Hello! I have a different type of blog post today. It may appear to some of my loyal readers that all types of non-literal language can be classified as metaphors. This is not true. There are many different types of figurative language in addition to metaphors including similes, slang, idioms, clichés, proverbs, and analogies. One of the greatest challenges of doing metaphor research is sorting out these different types of language use. This past week after the midterm elections, there were many examples of slang and analogies that were confusingly similar to metaphors. I am certainly no expert on figurative language, but allow me to provide a few examples of when terms and phrases are not metaphors.
Slang: Red States and Blue States
We cannot turn on the television or radio during an election without hearing about red states and blue states. Here is a brief history of these terms: The United States has two dominant political parties, the Democrats and the Republicans. During presidential elections, each state will be won by either party. In the 1990s, television stations and newspapers struggled to show which party had won each state. Eventually the media began using two contrasting colors for the two parties, red for Republican-won states, and blue for Democrat-won states. In time, people began to shorten the names to simply red states and blue states. States that can be either predominantly Democratic or Republican may be referred to as purple states.
It is very confusing as to whether or not these terms are actually metaphors. In fact, I may have described them incorrectly in a previous post. After a great deal of research and consultation with a few other experts, I have concluded that they are not metaphors. There is nothing intrinsically red or blue about any political party. In this case, the color-based origin of these slang terms is completely arbitrary.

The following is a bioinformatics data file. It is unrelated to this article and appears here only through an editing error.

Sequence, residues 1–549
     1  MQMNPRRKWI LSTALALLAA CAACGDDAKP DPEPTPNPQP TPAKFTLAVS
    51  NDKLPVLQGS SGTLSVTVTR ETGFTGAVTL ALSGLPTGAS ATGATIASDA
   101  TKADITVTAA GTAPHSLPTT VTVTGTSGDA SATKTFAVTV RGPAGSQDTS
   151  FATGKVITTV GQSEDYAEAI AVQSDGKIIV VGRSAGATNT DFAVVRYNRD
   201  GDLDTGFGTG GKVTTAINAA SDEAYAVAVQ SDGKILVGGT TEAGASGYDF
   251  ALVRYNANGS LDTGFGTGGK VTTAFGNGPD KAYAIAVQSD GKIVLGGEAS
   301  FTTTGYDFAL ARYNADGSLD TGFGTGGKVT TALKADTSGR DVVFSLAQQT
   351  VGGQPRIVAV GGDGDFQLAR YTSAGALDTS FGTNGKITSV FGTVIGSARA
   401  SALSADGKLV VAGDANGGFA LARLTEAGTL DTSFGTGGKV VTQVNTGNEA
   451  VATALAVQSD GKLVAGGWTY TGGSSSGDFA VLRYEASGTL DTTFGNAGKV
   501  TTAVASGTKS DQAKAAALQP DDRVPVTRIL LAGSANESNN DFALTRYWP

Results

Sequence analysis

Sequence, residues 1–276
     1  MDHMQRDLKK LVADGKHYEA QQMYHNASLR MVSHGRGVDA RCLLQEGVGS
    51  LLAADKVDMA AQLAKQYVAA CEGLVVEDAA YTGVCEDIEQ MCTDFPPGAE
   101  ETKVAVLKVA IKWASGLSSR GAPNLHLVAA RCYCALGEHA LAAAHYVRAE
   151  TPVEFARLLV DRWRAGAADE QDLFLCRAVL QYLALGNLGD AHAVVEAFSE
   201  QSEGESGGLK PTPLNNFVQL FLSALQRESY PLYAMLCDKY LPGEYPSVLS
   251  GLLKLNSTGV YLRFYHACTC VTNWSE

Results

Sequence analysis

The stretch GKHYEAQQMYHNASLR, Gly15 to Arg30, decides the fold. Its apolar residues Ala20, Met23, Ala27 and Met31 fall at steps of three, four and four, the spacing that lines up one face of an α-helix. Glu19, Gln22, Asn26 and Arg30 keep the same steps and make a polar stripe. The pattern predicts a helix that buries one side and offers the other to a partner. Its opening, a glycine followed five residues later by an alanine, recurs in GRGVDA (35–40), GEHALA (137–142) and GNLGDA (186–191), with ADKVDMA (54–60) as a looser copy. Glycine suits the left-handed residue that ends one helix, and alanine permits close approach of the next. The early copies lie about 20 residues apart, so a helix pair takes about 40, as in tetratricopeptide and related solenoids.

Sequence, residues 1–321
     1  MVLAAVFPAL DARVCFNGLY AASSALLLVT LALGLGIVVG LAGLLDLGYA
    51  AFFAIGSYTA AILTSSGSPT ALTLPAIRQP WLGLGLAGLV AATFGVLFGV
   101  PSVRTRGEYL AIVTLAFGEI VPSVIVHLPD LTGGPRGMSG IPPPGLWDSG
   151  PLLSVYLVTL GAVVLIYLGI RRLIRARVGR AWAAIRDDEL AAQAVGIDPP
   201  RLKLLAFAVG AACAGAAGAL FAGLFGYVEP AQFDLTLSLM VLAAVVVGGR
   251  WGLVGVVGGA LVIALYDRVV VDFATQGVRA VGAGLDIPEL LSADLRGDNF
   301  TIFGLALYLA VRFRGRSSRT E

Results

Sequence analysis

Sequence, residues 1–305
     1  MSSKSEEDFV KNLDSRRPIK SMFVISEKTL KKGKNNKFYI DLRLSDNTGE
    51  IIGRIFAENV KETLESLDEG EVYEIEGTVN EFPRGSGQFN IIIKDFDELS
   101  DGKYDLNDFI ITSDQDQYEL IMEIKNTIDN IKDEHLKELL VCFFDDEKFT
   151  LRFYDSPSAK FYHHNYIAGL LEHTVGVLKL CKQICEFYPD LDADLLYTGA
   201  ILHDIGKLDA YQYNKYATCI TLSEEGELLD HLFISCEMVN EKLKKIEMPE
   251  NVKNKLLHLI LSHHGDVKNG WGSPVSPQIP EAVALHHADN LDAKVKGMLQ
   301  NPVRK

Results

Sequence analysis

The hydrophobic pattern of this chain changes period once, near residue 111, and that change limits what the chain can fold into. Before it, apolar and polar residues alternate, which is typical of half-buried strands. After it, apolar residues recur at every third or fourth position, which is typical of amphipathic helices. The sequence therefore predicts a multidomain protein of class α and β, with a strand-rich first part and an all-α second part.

The confusion arises when one considers that some color terms are metaphors while others are not. A metaphor is constructed when a person compares the attributes of an object or process to a person or another object or process. For example, describing a cold-hearted person as a block of ice makes sense to us because we understand that ice is cold. Or if we say that a person is a sharp thinker, we understand that the person’s mind is being compared to the sharpness of a knife. However, in some cases, there is no real-world experience with which to form the comparison. For example, we can call a cowardly person yellow even though there is there is nothing yellow about that person’s skin. Similarly, one can be green with envy, although the person is most likely not green. In these cases, the terms are not metaphors.
However, we can say that a person is green if he or she is new to a job. This usage is derived from the fact that, as any gardener knows, a new plant will have bright green shoots and leaves when it first emerges from the ground. The immaturity of the plant is compared to the immaturity and lack of experience of the person. We can also refer to something as being silver or golden based on our experiences with the colors and value of these precious metals. As another example, people have no doubt experienced red tape when dealing with a bureaucracy. In this case, the phrase is derived from the old practice of tying up government documents with red tape. Or we can have blue-collar workers because many factory workers wear light blue shirts as their uniforms. As you can see, the phrases red, blue or purple states have no basis in physical reality, so I would call these slang terms instead of metaphors.
Analogies: Bulls, Fire, Fuses, and Wells
A completely different type of confusion arises when people use longer phrases to describe a situation. In the aftermath of the midterm elections, Senate Minority Leader Mitch McConnell claimed that if President Obama made any executive actions on immigration reform it would be like “waving a red flag in front of a bull.” He also said it “would poison the well” and prevent further dialog on the issue.
Speaker of the House John Boehner warned President Obama not to go through with an executive order regarding immigration. He stated, “He’s playing with fire.” “He’s going to burn himself if he continues down this path.”
Later, Former House Majority Leader Eric Cantor talked about the same issue on Meet the Press (11/9/14) “We’re going to work together and the president cannot sign that executive order. He’s going to light a fuse.”